Historically and today, the State of Israel's territorial ambitions have been justified as security needs. Through the decades, this has instigated a cycle of violence and counterviolence that still continues, engulfing all sides, and leaving none unblemished from the spilling of innocent blood. We pray with the Psalmist for every bow to be broken and every spear to be snapped.

Too many of us have been lulled into the shallow hope that peace can be built in the Middle East through the US supply of more weapons, with the continued military occupation of the West Bank, Gaza and East Jerusalem, and while basic human and political rights of the Palestinian people are denied. We call on Christ's followers to repent from their complicity -- through either their indifference or their uncritical embrace of US policies -- in the continuing cycle of Middle Eastern violence, accelerated by our tax dollars and our government's political decisions.

The Arab people and their land have been plundered for centuries by Western Christendom. We acknowledge and confess a continuing legacy of prejudice, evidenced today, toward Arab people, both Christian and Moslem.

We repudiate with equal and uncompromising fervor the enduring prejudice toward the Jewish people still present this day in our society and in our churches (those churches include, ironically, many of those churches with staunchly pro-Israeli biases, drawn from their versions of biblical interpretation).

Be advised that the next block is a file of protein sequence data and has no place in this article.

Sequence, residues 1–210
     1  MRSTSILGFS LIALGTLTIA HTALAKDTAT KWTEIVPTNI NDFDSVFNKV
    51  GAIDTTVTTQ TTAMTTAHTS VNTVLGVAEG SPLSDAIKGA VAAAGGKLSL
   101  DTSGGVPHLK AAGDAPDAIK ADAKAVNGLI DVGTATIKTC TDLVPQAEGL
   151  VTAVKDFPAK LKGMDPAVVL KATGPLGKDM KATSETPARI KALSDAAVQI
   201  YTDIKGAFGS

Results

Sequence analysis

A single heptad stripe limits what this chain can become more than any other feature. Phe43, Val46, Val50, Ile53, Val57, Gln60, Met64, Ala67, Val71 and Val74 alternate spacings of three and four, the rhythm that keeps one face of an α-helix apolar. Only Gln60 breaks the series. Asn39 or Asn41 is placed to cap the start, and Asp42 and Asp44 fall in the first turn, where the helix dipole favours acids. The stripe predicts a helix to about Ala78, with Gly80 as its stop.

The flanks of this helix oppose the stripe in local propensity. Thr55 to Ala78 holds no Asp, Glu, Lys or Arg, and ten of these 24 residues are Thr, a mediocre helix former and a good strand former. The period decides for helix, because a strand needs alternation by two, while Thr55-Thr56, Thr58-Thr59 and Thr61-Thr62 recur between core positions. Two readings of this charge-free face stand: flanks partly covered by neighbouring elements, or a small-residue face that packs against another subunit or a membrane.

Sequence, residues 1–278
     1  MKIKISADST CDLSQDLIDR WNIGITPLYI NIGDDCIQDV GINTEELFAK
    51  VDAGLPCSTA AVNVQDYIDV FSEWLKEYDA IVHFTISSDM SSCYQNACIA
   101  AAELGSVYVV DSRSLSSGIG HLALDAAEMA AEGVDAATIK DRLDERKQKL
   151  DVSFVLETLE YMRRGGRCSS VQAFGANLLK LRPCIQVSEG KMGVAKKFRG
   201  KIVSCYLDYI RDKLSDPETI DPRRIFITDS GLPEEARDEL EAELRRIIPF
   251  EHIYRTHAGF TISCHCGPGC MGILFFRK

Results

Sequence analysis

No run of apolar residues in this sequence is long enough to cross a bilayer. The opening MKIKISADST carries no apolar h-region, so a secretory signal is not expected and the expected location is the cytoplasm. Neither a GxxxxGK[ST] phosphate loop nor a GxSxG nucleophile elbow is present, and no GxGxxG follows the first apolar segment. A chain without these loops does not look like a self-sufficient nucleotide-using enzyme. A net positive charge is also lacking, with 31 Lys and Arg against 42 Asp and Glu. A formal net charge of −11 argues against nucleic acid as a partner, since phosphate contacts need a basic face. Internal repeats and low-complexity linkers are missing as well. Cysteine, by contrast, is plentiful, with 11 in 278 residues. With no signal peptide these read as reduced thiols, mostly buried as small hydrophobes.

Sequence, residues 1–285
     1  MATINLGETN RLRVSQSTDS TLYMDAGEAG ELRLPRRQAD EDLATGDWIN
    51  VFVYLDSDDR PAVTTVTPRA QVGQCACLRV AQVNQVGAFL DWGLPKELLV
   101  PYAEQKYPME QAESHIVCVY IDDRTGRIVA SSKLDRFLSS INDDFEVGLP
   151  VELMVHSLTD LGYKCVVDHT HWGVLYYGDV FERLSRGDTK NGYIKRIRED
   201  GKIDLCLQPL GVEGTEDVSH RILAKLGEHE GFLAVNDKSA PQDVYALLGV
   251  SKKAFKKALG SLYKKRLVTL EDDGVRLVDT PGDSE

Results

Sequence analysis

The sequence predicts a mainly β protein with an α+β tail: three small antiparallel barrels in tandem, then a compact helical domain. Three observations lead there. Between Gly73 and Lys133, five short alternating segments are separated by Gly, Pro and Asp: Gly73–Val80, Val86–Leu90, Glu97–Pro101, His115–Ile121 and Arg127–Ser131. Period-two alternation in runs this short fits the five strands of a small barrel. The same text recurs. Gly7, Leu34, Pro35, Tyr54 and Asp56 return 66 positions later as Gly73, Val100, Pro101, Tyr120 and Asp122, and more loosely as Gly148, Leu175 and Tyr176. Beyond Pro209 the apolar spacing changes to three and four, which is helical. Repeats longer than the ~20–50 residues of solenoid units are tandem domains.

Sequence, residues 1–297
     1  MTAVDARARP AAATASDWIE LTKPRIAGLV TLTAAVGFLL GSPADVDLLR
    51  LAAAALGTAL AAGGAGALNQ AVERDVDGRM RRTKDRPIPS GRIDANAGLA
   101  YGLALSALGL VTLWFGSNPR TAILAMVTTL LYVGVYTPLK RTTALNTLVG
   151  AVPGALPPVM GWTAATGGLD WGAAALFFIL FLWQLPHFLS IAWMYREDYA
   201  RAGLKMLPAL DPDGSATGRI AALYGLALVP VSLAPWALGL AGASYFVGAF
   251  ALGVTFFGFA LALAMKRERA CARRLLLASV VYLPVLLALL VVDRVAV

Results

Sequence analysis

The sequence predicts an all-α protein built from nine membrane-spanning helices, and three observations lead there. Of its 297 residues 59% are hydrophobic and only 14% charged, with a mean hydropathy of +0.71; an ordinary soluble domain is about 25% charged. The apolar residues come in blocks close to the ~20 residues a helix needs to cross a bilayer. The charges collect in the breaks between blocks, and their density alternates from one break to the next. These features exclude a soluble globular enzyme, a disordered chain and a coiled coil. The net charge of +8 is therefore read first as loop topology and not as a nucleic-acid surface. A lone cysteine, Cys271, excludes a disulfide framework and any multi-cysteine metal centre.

Overcoming these divisions and hatreds, we affirm, as God's revelation declares, our common humanity with all.

We believe that any biblical hope for peace and security for all peoples in the Middle East must encompass some form of restitution for past wrongs. Life, peoplehood, and land are all God's gifts. These gifts enjoyed by the Jewish people in the Holy Land have been denied to the Palestinian people. Therefore, we yearn and we call for the building of a peace that includes the clear expression of political self-determination and justice for the Palestinian people. This includes leadership of their own choosing, and a sovereign state. Our firm conviction is that through asserting these rights, the way can be opened for Jews in Israel and Palestinian people to find peace and true security in that land.

We pledge ourselves, and we invite others, to an urgent devotion to see God's purpose of peace, justice, and reconciliation realized in this land. In that spirit, we call upon all Christians to join with us in reexamining assumptions regarding biblical revelation and views of the conflict in the Middle East; we commit ourselves and our resources to active and ongoing dialogue with other Christians on these questions; and, we pray that the Body of Christ will extend its life as a humble, sacrificial and unswerving servant of peace/salaam/shalom in the land where God sent his Son to live among us.